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Joseph v. Joseph

Supreme Court of New York, First Department

June 6, 2013

Lia Joseph, Plaintiff-Appellant,
v.
Denis M. Joseph, et al., Defendants-Respondents, John Doe, et al., Defendants.

Feder Kaszovitz LLP, New York (Murray L. Skala of counsel), for appellant.

Wade Clark Mulcahy, New York (Cheryl D. Fuchs of counsel), for Denis M. Joseph, respondent.

Harris Beach PLLC, New York (Marina L. Schwarz of counsel), for Automotive Realty Partners, LLC, respondent.

Lewis Brisbois Bisgaard & Smith, LLP, New York (Jamie R.Wozman of counsel), for Arthur Russell, respondent.

Mazzarelli, J.P., Andrias, DeGrasse, Freedman, Manzanet-Daniels, JJ.

Order, Supreme Court, New York County (Jeffrey K. Oing, J.), entered March 7, 2012, which granted defendants' motions and cross motion to dismiss the complaint, unanimously affirmed, without costs.

Plaintiff and her son, defendant Denis Joseph, have been embroiled in multiple lawsuits involving their claimed interests in a property in Connecticut and a second property in Brooklyn, which is held in the name of defendant Automotive Realty Partners, LLC (ARP). In this defamation action, plaintiff alleges that Denis and his attorney, defendant Arthur Russell, caused ARP to file a complaint in which they unnecessarily included disparaging and false allegations, including, among other things, that plaintiff was a "scorned" woman, had a "maniacal rage, " went into "terroristic binges, " and had lied about her medical condition to secure a court adjournment. ARP's underlying complaint asserted a single cause of action for intentional interference with an existing contract and sought compensatory and punitive damages.

The court properly concluded that the statements made in the underlying complaint were pertinent to the action and therefore absolutely protected by the judicial proceedings privilege (see Sexter & Warmflash, P.C. v Margrabe, 38 A.D.3d 163, 171-174 [1st Dept 2007]). The allegedly defamatory allegations were broadly pertinent to the tortious interference claim, as they bore on the mother's intent, provided the context for the dispute, and supported the claim for punitive damages (see Pomerance v McTiernan, 51 A.D.3d 526, 528 [1st Dept 2008]). The pertinence of the statements negates any finding of abuse of the judicial proceedings privilege (see Sexter, 38 A.D.3d at 172; compare Halperin v Salvan, 117 A.D.2d 544, 548 [1st Dept 1986]). Moreover, the statements were expressions of opinion, not fact, or they constituted hyperbole, which are also absolutely protected (see Mann v Abel, 10 N.Y.3d 271, 276 [2008], cert denied 555 U.S. 1170 [2009]; see also Farber v Jefferys, 103 A.D.3d 514, 516 [1st Dept 2013]; Shchegol v Rabinovich, 30 A.D.3d 311 [1st Dept 2006]).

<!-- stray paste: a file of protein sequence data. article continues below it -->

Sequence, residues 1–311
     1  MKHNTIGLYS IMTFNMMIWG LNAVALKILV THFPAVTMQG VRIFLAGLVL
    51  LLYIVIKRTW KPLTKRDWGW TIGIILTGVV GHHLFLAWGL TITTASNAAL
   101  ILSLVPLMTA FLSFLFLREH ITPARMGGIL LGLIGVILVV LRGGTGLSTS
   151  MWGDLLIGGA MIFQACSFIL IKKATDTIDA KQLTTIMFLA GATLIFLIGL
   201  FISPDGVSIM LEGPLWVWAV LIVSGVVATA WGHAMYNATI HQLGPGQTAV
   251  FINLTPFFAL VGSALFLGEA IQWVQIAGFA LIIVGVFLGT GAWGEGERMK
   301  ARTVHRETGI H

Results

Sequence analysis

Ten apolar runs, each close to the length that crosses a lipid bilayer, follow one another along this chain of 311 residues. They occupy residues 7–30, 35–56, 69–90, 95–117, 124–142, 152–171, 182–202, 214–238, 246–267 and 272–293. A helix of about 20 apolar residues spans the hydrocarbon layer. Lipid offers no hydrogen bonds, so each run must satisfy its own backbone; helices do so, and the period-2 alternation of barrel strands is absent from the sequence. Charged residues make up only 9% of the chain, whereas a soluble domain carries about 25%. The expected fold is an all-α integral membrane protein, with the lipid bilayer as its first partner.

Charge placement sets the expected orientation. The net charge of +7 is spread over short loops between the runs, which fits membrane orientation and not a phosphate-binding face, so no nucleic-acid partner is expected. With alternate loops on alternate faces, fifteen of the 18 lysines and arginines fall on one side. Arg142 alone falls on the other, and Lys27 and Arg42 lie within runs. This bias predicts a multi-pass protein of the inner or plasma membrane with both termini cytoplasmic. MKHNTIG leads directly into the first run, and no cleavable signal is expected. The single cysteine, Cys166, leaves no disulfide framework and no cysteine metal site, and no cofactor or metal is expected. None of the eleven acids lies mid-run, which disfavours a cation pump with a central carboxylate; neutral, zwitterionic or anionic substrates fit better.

The court below justifiably found that defendants cannot be held liable for any "media attention" drawn to a news story subsequently published about the allegations in the complaint. None of the defendants had control over the newspaper publishing the article (see Geraci v Probst, 15 N.Y.3d 336, 342 [2010]).

The court properly dismissed plaintiff's remaining causes of action, sounding in intentional infliction of emotional distress, abuse of process, and prima facie tort, since they rest on the same facts and allegations supporting the alleged defamation claim (see Casa de Meadows Inc. [Cayman Is.] v Zaman, 76 A.D.3d 917, 920-921 [1st Dept 2010]).

Nevertheless, although we affirm, we note our disapproval of defendants' use of a filed pleading as a vehicle for offensive, albeit nondefamatory invective. Such conduct offends the dignity of judicial proceedings and should not be condoned.

We have considered plaintiff's remaining contentions and find them unavailing.


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